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How to Breathe While Doing Aerobic Exercise

This article on aerobic breathing was originally written by Dennis Lewis for a Guest Forum on DayBreak Lavender Farm.

My main work involves what is called "natural breathing," which depends in large part in releasing the unnecessary tensions of the body and mind so that we can breathe in the most spontaneous, balanced, and efficient way in any situation.

Today I want to give you some tips on how to breathe when you are doing aerobic exercise--that is, when you are working out by walking, running, jogging, bicycling, dancing, and so on. And I want to explain the scientific reasons for these aerobic breathing tips.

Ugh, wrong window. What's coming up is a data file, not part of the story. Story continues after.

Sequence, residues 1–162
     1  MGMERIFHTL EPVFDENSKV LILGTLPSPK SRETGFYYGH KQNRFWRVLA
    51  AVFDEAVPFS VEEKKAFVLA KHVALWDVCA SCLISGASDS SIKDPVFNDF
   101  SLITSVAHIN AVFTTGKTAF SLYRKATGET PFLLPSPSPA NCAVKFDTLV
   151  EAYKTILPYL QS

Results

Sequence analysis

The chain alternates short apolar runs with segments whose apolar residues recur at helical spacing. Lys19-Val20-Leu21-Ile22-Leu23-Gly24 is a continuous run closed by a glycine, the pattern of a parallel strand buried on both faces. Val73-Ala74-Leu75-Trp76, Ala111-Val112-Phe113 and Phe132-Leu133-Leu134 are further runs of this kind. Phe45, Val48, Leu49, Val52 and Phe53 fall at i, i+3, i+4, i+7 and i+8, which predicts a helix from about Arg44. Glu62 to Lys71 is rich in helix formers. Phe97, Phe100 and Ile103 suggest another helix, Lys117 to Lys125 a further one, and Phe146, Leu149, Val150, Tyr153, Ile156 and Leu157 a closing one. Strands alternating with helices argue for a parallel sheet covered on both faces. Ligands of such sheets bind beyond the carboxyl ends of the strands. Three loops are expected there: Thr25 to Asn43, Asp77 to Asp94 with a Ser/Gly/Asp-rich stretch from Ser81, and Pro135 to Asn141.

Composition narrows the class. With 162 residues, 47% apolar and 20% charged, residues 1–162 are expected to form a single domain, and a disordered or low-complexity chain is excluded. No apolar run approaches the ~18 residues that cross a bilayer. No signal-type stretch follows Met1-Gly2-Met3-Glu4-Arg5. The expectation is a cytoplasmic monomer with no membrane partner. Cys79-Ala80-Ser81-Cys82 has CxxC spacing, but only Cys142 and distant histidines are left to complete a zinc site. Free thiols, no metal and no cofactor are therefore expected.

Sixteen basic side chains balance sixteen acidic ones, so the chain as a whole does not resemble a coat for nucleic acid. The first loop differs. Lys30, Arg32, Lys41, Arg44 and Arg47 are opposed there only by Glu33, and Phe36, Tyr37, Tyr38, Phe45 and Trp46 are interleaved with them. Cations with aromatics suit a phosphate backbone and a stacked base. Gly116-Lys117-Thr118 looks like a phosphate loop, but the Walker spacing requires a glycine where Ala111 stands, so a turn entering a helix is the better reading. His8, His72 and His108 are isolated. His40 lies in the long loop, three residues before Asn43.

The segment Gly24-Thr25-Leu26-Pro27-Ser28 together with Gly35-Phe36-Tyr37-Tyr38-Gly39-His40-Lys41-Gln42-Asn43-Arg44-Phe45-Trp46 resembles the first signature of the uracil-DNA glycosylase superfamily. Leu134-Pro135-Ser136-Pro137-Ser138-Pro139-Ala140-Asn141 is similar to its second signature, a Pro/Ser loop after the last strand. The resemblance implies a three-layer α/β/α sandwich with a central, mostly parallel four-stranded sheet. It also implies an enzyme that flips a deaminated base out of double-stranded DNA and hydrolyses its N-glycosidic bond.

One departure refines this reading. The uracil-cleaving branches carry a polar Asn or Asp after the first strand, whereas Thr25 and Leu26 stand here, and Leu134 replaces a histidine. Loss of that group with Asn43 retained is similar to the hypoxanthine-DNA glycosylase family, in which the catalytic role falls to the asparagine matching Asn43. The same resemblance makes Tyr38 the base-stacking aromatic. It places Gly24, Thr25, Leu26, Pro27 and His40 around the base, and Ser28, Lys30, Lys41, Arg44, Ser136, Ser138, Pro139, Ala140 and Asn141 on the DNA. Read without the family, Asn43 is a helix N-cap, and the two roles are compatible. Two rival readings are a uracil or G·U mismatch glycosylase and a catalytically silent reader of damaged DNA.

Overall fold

Many people when they do aerobic exercise either breathe through their mouths the entire time or do so when they start getting out of breath. This is not a good idea. Whether you are doing aerobic exercises or not, it is best, if possible, to inhale and exhale through your nose. Or, if you need to have a longer exhalation than is possible through your nose, you can exhale through pursed lips (as though you were blowing gently on something).

Why is it so important to inhale through our nose? There are several reasons for this. When we inhale through our nose, the hairs that line our nostrils filter out particles of dust and dirt that can be injurious to our lungs. If too many particles accumulate on the membranes of the nose, we automatically secret mucus to trap them or sneeze to expel them. The mucous membranes of our septum, which divides the nose into two cavities, further prepare the air for our lungs by warming and humidifying it. Over time, this filtering and humidification process helps protect our lungs from the damage that would otherwise occur.